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Incredible Things

by | Sep 7, 2022 | Discipleship, Freedom in Christ, Redemption, Salvation

“Paul, a prisoner for Christ Jesus … To Philemon our beloved fellow worker … Grace to you and peace from God our Father and the Lord Jesus Christ. I thank my God always when I remember you in my prayers … For I have derived much joy and comfort from your love, my brother, because the hearts of the saints have been refreshed through you … I, Paul, an old man and now a prisoner also for Christ Jesus—I appeal to you for my child, Onesimus … I am sending him back to you, sending my very heart. I would have been glad to keep him with me … But I preferred to do nothing without your consent in order that your goodness might not be by compulsion but of your own accord. For this perhaps is why he was parted from you for a while, that you might have him back forever, so longer as a bondservant but more than a bondservant, as a beloved brother … So if you consider me your partner, receive him as you would receive me. … Yes, brother, I want some benefit from you in the Lord. Refresh my heart in Christ. Confident of your obedience, I write to you, knowing that you will do even more than I say.

(Excerpts from Philemon ESV)

Every once in a while we hear a story that—well, the news people usually say, “It restores your faith in humanity.” A story about someone who went above and beyond to help a neighbor—to feed the hungry—to comfort the grieving—or just to make somebody’s life that much brighter.

Paul talks about something like this when he says, “For I have derived much joy and comfort from your love, my brother, because the hearts of the saints have been refreshed through you.” Paul doesn’t give credit to humanity, though—he knows that, whatever good things Philemon has been doing, they come from Jesus Christ. And it is on that basis that Paul appeals to him to do one more wonderful, incredible thing—to welcome and set free a man named Onesimus.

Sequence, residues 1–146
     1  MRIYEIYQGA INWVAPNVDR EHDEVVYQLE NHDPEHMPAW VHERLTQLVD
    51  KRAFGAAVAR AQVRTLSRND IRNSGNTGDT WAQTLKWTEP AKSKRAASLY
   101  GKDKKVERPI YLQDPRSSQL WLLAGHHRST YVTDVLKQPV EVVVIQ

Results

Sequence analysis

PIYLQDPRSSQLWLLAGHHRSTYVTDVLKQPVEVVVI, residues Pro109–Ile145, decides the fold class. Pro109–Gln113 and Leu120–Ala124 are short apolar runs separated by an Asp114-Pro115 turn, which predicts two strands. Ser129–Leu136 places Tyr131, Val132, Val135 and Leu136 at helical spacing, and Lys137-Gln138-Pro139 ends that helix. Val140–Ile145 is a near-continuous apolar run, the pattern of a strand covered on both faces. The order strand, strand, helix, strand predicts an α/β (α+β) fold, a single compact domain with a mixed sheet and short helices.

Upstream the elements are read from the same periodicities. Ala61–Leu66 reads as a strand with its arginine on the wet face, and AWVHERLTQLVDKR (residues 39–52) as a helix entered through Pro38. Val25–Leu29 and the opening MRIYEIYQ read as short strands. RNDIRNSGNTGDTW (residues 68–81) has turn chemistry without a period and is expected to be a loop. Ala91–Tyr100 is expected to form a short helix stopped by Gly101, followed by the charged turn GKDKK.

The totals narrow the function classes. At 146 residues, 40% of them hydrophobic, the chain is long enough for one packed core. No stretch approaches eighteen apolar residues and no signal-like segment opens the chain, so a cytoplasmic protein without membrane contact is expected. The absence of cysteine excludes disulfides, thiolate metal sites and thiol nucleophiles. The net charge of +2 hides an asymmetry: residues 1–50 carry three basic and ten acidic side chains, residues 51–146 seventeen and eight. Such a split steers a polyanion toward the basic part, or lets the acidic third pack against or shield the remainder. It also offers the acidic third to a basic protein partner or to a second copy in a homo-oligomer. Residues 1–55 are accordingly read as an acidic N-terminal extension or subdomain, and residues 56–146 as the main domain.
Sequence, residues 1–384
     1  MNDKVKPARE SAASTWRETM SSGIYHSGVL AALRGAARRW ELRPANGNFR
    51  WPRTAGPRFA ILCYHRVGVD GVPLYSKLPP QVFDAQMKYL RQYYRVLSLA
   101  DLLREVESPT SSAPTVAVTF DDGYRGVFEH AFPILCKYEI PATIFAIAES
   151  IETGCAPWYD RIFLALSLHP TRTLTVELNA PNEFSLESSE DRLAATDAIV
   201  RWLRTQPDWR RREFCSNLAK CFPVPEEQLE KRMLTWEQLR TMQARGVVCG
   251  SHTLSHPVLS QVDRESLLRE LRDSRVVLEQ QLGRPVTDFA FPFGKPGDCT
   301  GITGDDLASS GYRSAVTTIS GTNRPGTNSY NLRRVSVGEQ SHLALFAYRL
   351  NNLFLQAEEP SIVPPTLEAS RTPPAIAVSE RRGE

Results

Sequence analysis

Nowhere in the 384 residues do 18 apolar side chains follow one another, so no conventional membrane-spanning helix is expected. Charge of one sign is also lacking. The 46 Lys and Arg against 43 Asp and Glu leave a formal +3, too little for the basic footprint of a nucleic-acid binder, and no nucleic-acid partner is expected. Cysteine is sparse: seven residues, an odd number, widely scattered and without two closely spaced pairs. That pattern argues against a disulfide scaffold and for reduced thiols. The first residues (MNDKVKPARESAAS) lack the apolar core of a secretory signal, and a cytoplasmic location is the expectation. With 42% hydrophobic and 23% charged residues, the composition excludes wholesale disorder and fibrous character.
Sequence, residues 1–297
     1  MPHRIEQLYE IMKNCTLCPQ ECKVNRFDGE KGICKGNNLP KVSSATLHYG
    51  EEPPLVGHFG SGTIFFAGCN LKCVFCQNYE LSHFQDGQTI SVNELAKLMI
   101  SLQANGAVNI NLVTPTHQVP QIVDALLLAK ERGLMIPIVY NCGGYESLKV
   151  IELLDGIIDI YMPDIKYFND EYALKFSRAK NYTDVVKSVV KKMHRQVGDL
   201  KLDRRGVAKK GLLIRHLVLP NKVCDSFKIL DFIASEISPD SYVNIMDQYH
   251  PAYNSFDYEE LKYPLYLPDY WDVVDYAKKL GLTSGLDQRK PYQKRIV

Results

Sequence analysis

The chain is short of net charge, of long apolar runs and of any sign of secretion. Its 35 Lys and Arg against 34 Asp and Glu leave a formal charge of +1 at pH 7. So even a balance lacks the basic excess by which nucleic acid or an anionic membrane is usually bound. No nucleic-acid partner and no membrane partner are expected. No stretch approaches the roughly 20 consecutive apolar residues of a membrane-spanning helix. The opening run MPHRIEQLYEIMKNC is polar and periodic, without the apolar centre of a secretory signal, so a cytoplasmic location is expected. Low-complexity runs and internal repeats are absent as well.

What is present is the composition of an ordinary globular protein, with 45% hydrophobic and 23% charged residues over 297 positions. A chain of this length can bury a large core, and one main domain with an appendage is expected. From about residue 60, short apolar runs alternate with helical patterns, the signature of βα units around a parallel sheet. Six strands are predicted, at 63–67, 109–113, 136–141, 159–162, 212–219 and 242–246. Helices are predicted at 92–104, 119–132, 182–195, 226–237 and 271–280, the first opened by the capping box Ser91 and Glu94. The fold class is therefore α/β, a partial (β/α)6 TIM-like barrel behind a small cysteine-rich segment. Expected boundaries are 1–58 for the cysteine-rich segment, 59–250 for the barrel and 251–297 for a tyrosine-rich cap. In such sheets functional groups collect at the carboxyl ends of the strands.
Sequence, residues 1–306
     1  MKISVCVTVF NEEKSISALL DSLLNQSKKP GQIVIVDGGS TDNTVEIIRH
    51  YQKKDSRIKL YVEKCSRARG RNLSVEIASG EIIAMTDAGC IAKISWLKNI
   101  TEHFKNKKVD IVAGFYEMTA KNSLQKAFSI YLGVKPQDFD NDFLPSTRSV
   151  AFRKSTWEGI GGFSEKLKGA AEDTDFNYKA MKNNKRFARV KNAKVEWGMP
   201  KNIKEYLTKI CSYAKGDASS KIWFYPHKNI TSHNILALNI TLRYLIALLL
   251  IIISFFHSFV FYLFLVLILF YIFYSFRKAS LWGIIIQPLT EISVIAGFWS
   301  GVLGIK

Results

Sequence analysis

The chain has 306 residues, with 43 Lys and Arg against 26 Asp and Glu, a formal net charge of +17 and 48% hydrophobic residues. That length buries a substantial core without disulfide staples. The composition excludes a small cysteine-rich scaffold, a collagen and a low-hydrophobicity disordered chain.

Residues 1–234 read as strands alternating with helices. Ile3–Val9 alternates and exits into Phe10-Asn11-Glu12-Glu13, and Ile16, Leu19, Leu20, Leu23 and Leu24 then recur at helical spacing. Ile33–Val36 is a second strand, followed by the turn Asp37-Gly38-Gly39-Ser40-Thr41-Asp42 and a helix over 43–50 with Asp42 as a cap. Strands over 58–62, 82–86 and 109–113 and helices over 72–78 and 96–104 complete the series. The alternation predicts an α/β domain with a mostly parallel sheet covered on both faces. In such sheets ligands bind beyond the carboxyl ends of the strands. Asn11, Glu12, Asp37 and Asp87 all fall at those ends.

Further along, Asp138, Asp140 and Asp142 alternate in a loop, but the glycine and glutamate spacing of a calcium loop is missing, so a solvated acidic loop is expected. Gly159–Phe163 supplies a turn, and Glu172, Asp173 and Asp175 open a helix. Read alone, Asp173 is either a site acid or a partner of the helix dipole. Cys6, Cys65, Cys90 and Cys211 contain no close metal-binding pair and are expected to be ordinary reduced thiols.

From the sound of the letter, Onesimus was once enslaved in Philemon’s household. He ran away—possibly stealing some money as well—and eventually wound up in contact with Paul in jail, who told him about Jesus. Onesimus became a believer.

Now he’s planning to go back to Philemon’s house and try to make things right. That’s the first incredible thing, and nobody in the ancient world would ever have expected something like that to happen. The second is this: Paul confidently expects Philemon to welcome Onesimus as a brother and set him free.

The lovely thing is that, as far as we can tell, that’s exactly what happened. The former master and slave became Christian brothers treating each other with love, and in time, Onesimus became a bishop in the early church. Who could do such a miracle? Only the Lord. Only the God who loves each of us so much He came down to earth to be one of us, to live and to die and to rise again—so that we could live freely in His kingdom.

Prayer: Dear Lord, please use me to do something marvelous in some else’s life. Amen.

This Daily Devotion was written by Dr. Kari Vo.
Originally published in The Lutheran Hour on August 31, 2022
Used by permission from International Lutheran Laymen’s League, all rights reserved

Reflection Questions:
1. When have you seen something amazingly wonderful happen?
2. Have you ever had to face a scary prospect, like Onesimus going back to Philemon?
3. Tell about a time, great or small, when God blessed you in an unexpected way.


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